Most people believe that the Creator of the universe wrote (or dictated) one of their books. Unfortunately, there are many books that pretend to divine authorship, and each makes incompatible claims about how we all must live. Despite the ecumenical efforts of many well-intentioned people, these irreconcilable religious commitments still inspire an appalling amount of human conflict.
In response to this situation, most sensible people advocate something called "religious tolerance." While religious tolerance is surely better than religious war, tolerance is not without its liabilities. Our fear of provoking religious hatred has rendered us incapable of criticizing ideas that are now patently absurd and increasingly maladaptive. It has also obliged us to lie to ourselves — repeatedly and at the highest levels — about the compatibility between religious faith and scientific rationality.
The conflict between religion and science is inherent and (very nearly) zero-sum. The success of science often comes at the expense of religious dogma; the maintenance of religious dogma always comes at the expense of science. It is time we conceded a basic fact of human discourse: either a person has good reasons for what he believes, or he does not. When a person has good reasons, his beliefs contribute to our growing understanding of the world. We need not distinguish between "hard" and "soft" science here, or between science and other evidence-based disciplines like history. There happen to be very good reasons to believe that the Japanese bombed Pearl Harbor on December 7th, 1941. Consequently, the idea that the Egyptians actually did it lacks credibility. Every sane human being recognizes that to rely merely upon "faith" to decide specific questions of historical fact would be both idiotic and grotesque — that is, until the conversation turns to the origin of books like the bible and the Koran, to the resurrection of Jesus, to Muhammad's conversation with the angel Gabriel, or to any of the other hallowed travesties that still crowd the altar of human ignorance.
Science, in the broadest sense, includes all reasonable claims to knowledge about ourselves and the world. If there were good reasons to believe that Jesus was born of a virgin, or that Muhammad flew to heaven on a winged horse, these beliefs would necessarily form part of our rational description of the universe. Faith is nothing more than the license that religious people give one another to believe such propositions when reasons fail. The difference between science and religion is the difference between a willingness to dispassionately consider new evidence and new arguments, and a passionate unwillingness to do so. The distinction could not be more obvious, or more consequential, and yet it is everywhere elided, even in the ivory tower.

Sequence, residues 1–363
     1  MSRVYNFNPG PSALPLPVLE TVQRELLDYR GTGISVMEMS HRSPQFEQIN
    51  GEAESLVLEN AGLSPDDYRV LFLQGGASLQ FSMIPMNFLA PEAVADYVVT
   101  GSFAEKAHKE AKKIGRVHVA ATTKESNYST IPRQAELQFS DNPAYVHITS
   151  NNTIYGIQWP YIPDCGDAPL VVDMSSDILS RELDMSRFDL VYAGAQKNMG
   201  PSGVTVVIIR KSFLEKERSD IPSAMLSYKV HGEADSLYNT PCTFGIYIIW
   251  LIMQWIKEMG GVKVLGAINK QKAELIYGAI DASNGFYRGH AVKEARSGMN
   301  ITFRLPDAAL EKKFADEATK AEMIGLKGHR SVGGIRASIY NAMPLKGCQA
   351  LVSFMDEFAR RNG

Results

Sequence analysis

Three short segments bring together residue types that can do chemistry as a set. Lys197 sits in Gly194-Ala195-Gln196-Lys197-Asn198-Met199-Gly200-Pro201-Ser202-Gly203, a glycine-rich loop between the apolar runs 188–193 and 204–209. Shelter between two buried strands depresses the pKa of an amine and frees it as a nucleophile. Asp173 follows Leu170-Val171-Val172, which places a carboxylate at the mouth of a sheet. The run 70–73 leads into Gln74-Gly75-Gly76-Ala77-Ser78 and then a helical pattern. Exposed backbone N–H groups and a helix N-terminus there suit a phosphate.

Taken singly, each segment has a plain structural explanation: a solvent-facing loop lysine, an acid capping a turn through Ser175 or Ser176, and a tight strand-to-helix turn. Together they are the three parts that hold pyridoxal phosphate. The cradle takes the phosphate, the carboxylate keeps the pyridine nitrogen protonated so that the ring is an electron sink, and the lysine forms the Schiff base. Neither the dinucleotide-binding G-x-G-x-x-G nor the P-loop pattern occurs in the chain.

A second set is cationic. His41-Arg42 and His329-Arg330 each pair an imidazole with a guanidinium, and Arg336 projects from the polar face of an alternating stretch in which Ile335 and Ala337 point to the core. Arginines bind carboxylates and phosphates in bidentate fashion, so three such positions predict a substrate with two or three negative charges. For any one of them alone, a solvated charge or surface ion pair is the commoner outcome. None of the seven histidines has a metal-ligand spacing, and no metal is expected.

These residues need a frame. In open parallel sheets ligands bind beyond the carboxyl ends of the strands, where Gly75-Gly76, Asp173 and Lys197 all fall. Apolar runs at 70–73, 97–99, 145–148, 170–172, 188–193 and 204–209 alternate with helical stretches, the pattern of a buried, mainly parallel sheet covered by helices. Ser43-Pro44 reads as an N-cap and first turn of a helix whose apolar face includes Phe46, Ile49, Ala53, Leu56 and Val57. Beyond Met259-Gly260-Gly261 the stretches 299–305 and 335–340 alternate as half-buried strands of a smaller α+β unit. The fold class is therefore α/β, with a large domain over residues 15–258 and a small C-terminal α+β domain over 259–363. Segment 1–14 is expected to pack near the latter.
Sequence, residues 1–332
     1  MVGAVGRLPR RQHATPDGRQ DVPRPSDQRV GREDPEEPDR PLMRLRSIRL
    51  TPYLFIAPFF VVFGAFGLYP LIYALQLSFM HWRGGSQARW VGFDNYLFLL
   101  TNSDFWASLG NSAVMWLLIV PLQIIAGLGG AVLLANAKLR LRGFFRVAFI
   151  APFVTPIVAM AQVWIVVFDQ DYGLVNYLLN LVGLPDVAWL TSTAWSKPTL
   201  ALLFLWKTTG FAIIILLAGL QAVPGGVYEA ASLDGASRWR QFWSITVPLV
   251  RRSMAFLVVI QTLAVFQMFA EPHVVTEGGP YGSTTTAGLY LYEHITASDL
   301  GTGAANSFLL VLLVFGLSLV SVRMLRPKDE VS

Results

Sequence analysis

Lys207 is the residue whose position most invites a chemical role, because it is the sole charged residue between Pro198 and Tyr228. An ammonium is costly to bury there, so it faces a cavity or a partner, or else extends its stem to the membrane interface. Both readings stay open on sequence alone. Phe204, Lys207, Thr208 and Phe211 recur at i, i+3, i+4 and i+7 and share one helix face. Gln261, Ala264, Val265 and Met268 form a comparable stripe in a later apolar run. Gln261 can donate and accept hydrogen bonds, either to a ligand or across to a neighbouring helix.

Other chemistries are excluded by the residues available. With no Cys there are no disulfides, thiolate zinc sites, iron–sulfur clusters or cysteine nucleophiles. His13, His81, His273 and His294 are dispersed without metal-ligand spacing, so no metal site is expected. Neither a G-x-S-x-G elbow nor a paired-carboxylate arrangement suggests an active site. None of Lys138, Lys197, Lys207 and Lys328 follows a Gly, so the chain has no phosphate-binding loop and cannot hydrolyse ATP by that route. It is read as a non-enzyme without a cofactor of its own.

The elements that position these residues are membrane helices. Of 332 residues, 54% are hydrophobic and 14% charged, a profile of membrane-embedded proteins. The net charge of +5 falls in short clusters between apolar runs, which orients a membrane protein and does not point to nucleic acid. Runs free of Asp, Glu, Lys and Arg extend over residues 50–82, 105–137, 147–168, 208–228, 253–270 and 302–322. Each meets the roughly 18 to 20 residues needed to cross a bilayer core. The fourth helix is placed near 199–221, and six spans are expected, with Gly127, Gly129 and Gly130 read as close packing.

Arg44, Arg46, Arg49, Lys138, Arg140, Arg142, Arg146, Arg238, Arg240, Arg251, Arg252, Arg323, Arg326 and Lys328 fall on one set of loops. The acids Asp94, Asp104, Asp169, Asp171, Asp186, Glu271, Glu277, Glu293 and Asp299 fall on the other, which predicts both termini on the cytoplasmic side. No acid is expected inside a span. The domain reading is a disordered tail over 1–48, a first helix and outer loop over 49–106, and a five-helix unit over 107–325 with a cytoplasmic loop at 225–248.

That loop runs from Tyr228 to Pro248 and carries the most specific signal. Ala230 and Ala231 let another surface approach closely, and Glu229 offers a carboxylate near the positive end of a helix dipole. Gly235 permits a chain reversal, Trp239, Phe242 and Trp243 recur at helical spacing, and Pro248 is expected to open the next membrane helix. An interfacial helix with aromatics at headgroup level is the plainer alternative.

Religion is fast growing incompatible with the emergence of a global, civil society. Religious faith — faith that there is a God who cares what name he is called, that one of our books is infallible, that Jesus is coming back to earth to judge the living and the dead, that Muslim martyrs go straight to Paradise, etc. — is on the wrong side of an escalating war of ideas. The difference between science and religion is the difference between a genuine openness to fruits of human inquiry in the 21st century, and a premature closure to such inquiry as a matter of principle. I believe that the antagonism between reason and faith will only grow more pervasive and intractable in the coming years. Iron Age beliefs — about God, the soul, sin, free will, etc. — continue to impede medical research and distort public policy. The possibility that we could elect a U.S. President who takes biblical prophesy seriously is real and terrifying; the likelihood that we will one day confront Islamists armed with nuclear or biological weapons is also terrifying, and growing more probable by the day. We are doing very little, at the level of our intellectual discourse, to prevent such possibilities.
In the spirit of religious tolerance, most scientists are keeping silent when they should be blasting the hideous fantasies of a prior age with all the facts at their disposal.
To win this war of ideas, scientists and other rational people will need to find new ways of talking about ethics and spiritual experience. The distinction between science and religion is not a matter of excluding our ethical intuitions and non-ordinary states of consciousness from our conversation about the world; it is a matter of our being rigorous about what is reasonable to conclude on their basis. We must find ways of meeting our emotional needs that do not require the abject embrace of the preposterous. We must learn to invoke the power of ritual and to mark those transitions in every human life that demand profundity — birth, marriage, death, etc. — without lying to ourselves about the nature of reality.
I am hopeful that the necessary transformation in our thinking will come about as our scientific understanding of ourselves matures. When we find reliable ways to make human beings more loving, less fearful, and genuinely enraptured by the fact of our appearance in the cosmos, we will have no need for divisive religious myths. Only then will the practice of raising our children to believe that they are Christian, Jewish, Muslim, or Hindu be broadly recognized as the ludicrous obscenity that it is. And only then will we stand a chance of healing the deepest and most dangerous fractures in our world.